Patrick McCartney, a leader of anti-growth efforts in Westchester, announced Tuesday that he will challenge 6th District incumbent Pat Russell in the April 14 Los Angeles City Council elections.
McCartney is the third candidate to announce plans to challenge the powerful council president. Earlier this fall, Salvatore Grammatico, 34, president of the Mar Vista-Del Rey Homeowners and Neighbors Assn., and Ruth Galanter, 45, an environmental activist and former chairman of the California Regional Coastal Commission, said they will run against Russell.
McCartney, 38, president of a homeowners coalition that fought the Howard Hughes Center, Playa Vista and other large commercial projects recently approved for the district, said he will try to rally what he called strong communitywide opposition to Russell, who spearheaded City Council approval of those projects.
In light of Proposition U, a citywide growth-limitation measure overwhelmingly approved by voters in November, opponents believe Russell is at the most vulnerable point in her 17-year council career, McCartney said. Russell was a leading foe of Proposition U and has supported controversial development agreements aimed at shielding some large projects from the initiative.
"It's more important to get her out of office than for me personally to get elected," McCartney said at a press conference at City Hall.
In interviews Tuesday, each challenger charged that Russell has alienated voters by supporting new projects and ignoring the many constituents who opposed them. The challengers said projects approved with Russell's support will result in substantial additional traffic and air pollution in the district, which encompasses Westchester, Venice, Mar Vista and much of the Crenshaw area.
In addition, the candidates said, construction of those projects during the next two decades will place further demands on the city's overburdened sewage system, which has overflowed repeatedly into Santa Monica Bay.
"The people are dissatisfied," Galanter said of Russell's leadership. "The incumbent seems very responsive to the people who want to add more development, but not very responsive to the people with more mundane concerns, like the traffic they have to deal with."
Russell, who has battled through four reelections since winning a vacant seat in 1969, said she has worked diligently to control new development. She cited her introduction of a regional traffic plan that requires developers in the district to pay for road improvements and her introduction of a less-restrictive, ill-fated alternative to Proposition U, under which large-scale growth would have been limited to designated commercial centers in Los Angeles.
"The real story in Westchester is that (the late billionaire) Howard Hughes was here for a long time" and left vast stretches of vacant land, which are now being developed, Russell said in an interview. "I have looked to see what development is coming and tried to control it. We, unlike other parts of the city, will not have the added congestion and other problems resulting from overdevelopment."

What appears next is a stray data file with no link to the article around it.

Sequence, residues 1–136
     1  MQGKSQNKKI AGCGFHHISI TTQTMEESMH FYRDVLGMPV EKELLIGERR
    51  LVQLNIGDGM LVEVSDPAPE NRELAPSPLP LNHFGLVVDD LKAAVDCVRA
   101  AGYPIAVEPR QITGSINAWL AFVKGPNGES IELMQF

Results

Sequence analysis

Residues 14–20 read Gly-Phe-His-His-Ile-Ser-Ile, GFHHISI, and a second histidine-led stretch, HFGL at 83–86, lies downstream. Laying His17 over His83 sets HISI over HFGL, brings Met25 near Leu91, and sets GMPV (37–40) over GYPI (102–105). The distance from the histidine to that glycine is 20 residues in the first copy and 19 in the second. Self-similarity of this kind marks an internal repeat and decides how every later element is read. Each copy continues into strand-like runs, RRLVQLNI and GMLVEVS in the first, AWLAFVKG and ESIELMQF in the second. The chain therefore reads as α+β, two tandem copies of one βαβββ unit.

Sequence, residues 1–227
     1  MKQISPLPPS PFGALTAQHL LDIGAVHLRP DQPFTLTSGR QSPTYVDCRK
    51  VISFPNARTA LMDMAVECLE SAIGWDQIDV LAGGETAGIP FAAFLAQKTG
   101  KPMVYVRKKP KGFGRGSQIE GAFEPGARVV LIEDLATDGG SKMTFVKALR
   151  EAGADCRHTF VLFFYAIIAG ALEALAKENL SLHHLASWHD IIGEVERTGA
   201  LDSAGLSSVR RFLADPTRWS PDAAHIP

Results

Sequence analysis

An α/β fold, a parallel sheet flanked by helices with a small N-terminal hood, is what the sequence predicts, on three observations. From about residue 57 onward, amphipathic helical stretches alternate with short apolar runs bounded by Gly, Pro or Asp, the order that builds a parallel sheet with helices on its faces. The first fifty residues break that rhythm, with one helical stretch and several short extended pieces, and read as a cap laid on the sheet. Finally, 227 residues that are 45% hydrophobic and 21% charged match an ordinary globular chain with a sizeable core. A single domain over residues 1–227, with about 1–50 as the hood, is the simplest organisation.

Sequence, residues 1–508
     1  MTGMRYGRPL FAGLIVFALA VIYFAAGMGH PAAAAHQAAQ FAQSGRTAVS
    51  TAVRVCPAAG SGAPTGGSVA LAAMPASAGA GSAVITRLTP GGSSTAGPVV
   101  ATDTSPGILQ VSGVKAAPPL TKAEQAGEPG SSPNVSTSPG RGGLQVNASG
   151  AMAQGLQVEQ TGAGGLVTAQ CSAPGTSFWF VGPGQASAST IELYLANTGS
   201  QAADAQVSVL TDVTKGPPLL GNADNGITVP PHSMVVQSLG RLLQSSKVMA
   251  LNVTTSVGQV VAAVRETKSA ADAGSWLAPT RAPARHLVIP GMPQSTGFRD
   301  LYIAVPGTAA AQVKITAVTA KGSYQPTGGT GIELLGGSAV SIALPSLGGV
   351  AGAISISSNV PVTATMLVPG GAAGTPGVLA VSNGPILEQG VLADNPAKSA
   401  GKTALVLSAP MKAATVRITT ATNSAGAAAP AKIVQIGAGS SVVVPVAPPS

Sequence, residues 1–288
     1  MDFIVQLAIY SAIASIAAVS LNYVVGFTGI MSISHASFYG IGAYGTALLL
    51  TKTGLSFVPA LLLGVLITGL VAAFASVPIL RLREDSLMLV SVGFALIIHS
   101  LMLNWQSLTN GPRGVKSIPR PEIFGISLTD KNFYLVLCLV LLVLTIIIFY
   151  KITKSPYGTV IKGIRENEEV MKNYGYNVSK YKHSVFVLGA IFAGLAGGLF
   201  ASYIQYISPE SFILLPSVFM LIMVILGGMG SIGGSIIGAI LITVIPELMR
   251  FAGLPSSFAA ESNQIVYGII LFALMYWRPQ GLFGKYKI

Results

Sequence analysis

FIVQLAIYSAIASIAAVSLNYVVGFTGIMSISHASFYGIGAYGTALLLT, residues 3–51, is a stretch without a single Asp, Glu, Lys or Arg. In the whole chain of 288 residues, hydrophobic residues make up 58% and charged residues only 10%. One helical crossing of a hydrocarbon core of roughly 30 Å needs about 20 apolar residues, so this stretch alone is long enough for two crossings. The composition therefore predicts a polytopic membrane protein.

Russell downplayed the challengers facing her, saying she expects to approach this campaign as she has others in the past. "I've always had a lot of opponents," she said. "They don't understand, until they get into the campaign, what the 6th District is all about. (But) I've always taken campaigns seriously and will run very hard."
Councilwoman Joy Picus, who described herself as a Russell ally, said the 6th District poses difficulties for Russell and her challengers because Venice, Westchester and the Crenshaw area are diverse areas that have differing needs.
"It's never been clear sailing," Picus said of Russell's campaigns. "I wouldn't consider her a shoo-in. (But) I don't perceive that she's in trouble."
Some observers, however, predicted that the coming election will be one of Russell's most difficult because of the growth issue. Four major projects she has supported in Westchester--Howard Hughes Center, Playa Vista, Continental City and the northside development at Los Angeles International Airport--are expected to result in nearly 19-million square feet of new office construction, roughly twice the office space of Century City.
Proposition U, which won by a 69% margin citywide, drew 70% support in her district.
One council member, who asked not to be named because of Russell's power on the council, said the landslide victory of that initiative may be a tip-off that Russell is in trouble.
"Proposition U shows she's out of touch" with voters, the council member said. "She's not been responsive to her people's needs. (But) she'll have a lot of money, she has a lot of power, and she'll have a lot of opportunity to make amends.
'It's Too Late'
"My gut tells me it's too late."